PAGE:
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» Monday Morning Getaway | No22

By: Onur Sentuk
Client: Self-Initiated
Role: Art Direction, Design, Animation, Compositing
Date: February 2010
Format: Short Film 1024*576 Widescreen Pal
Sound: ECHOLAB Gavin Little

(Dot Com)

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4 years ago
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Pier-to-Pier Networking at the Armory Show
The Art Basel of New York, the Armory Show has stretched itself across two piers of the West Side this year. Pier 94 is what has been the show proper since 2001 - contemporary art exhibited by galleries from the world over - and Pier 92 is contemporary art’s forefather, modern art.
There’s a definite family resemblance between the generations. Bruce Nauman’s neon spiral “The True Artist Helps the World by Revealing Mystic Truths” gets tweaked by Bert Rodriguez to “The True Artist Makes Useless Shit for Rich People to Buy” (price: $25,000). Robert Indiana‘s steadfast block of “LOVE“ degrades into Marc Bijl‘s suggestively drippy “PORN.” Alex Katz’s flat portraits are everywhere, even when they’re not done by Katz.
Opening night was bustling enough to make the cavernous piers uncomfortably warm. Though you could dash outside for a bracing hit of river air to get from one pier to another and share a freight elevator ride with the likes of fashion design team Costello Tagliapietra. Or get spritzed with the refreshing, faintly marine smell of Reid Seifer‘s “Spray to Forget” (a blend of crystal-bathed essential oils that promises to erase or replace bad memories) by Seifer himself. There was also the option of cooling off with a $16 flute of Pommery champagne, but why do that when absinthe, wine and mixed drinks flowed plentifully for free at the after party hosted at MoMA?
The pitch-darkness of the party was relieved by trippy wall projections and the opening horns of the band Human Rights (composed of members of Beirut, Psychic Ills, No Regular Play, and Volcano the Bear). Pernod’s absinthe station was a popular stop-off for those on their way to the dance floor in the lobby where Justin Miller DJ’ed. By the time The Walkmen took the stage under a lone and moody chandelier to amp up their subdued sounds for the crowd, there wasn’t space for anything but dancing and random hookups.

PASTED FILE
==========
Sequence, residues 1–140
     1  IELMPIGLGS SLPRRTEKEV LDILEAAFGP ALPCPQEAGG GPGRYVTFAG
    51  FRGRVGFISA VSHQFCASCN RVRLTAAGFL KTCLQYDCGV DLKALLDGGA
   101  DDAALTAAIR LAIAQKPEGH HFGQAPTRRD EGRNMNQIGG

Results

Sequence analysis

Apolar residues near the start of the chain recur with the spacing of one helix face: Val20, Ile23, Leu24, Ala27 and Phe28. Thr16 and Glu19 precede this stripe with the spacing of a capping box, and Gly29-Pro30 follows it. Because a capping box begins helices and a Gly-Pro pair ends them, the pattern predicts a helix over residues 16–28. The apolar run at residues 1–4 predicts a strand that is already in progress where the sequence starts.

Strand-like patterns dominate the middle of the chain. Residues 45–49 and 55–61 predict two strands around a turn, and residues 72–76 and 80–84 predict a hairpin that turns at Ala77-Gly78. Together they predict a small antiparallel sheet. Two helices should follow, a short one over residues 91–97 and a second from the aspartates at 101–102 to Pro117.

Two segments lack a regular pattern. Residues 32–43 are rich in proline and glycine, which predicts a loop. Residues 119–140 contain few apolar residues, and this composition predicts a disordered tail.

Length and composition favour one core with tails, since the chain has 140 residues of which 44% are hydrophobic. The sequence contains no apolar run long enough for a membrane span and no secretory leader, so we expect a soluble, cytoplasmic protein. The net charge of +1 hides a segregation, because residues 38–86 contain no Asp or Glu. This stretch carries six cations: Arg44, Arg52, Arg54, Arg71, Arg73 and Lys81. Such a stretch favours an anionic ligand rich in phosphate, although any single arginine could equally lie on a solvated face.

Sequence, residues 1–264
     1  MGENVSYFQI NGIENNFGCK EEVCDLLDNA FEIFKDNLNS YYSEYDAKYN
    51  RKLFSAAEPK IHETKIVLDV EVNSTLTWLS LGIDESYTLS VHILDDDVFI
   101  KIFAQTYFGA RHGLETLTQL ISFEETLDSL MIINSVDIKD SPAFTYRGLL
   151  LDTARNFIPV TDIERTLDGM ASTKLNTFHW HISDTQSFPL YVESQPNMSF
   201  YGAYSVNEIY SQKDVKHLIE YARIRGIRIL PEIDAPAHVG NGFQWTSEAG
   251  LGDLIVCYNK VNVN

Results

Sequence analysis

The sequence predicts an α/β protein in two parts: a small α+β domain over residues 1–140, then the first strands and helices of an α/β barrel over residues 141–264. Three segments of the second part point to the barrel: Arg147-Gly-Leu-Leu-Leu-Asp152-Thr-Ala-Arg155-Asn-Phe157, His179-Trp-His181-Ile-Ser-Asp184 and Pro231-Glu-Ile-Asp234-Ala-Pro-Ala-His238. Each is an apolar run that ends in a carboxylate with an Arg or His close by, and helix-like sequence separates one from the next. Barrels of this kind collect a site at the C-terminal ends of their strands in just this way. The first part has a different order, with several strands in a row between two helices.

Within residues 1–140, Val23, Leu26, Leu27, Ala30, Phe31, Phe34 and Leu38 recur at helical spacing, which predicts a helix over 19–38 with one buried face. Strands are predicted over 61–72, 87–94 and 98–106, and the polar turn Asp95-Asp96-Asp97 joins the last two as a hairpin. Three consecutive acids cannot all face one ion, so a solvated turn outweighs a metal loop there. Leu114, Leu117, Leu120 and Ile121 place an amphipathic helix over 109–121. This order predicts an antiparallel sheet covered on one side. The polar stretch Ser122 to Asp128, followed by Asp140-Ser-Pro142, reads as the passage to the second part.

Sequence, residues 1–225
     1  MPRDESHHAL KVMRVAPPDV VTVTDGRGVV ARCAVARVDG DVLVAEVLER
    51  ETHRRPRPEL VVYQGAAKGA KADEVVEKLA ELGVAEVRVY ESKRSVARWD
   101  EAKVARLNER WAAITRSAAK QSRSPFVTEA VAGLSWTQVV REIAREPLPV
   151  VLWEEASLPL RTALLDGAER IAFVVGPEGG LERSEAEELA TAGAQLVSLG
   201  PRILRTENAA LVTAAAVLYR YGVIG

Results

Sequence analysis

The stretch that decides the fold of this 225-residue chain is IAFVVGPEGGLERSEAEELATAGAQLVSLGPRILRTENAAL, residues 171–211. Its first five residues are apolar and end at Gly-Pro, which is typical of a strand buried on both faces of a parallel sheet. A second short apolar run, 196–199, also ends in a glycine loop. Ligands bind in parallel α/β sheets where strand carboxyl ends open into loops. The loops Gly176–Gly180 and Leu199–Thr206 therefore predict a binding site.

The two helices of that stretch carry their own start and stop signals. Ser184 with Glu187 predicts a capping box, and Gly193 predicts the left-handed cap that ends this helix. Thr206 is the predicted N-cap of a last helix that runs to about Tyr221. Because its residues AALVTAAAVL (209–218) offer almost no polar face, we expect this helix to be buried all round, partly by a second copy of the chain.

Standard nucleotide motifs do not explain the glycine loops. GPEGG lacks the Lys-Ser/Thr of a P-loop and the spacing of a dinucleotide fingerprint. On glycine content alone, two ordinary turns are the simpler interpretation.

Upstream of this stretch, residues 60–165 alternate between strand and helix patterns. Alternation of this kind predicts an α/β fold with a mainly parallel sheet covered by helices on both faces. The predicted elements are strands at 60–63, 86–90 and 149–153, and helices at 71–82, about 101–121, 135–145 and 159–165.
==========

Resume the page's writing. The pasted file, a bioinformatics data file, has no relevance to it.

Pier-to-Pier Networking at the Armory Show

The Art Basel of New York, the Armory Show has stretched itself across two piers of the West Side this year. Pier 94 is what has been the show proper since 2001 - contemporary art exhibited by galleries from the world over - and Pier 92 is contemporary art’s forefather, modern art.

There’s a definite family resemblance between the generations. Bruce Nauman’s neon spiral “The True Artist Helps the World by Revealing Mystic Truths” gets tweaked by Bert Rodriguez to “The True Artist Makes Useless Shit for Rich People to Buy” (price: $25,000). Robert Indiana‘s steadfast block of “LOVE“ degrades into Marc Bijl‘s suggestively drippy “PORN.” Alex Katz’s flat portraits are everywhere, even when they’re not done by Katz.

Opening night was bustling enough to make the cavernous piers uncomfortably warm. Though you could dash outside for a bracing hit of river air to get from one pier to another and share a freight elevator ride with the likes of fashion design team Costello Tagliapietra. Or get spritzed with the refreshing, faintly marine smell of Reid Seifer‘s “Spray to Forget” (a blend of crystal-bathed essential oils that promises to erase or replace bad memories) by Seifer himself. There was also the option of cooling off with a $16 flute of Pommery champagne, but why do that when absinthe, wine and mixed drinks flowed plentifully for free at the after party hosted at MoMA?

The pitch-darkness of the party was relieved by trippy wall projections and the opening horns of the band Human Rights (composed of members of Beirut, Psychic Ills, No Regular Play, and Volcano the Bear). Pernod’s absinthe station was a popular stop-off for those on their way to the dance floor in the lobby where Justin Miller DJ’ed. By the time The Walkmen took the stage under a lone and moody chandelier to amp up their subdued sounds for the crowd, there wasn’t space for anything but dancing and random hookups.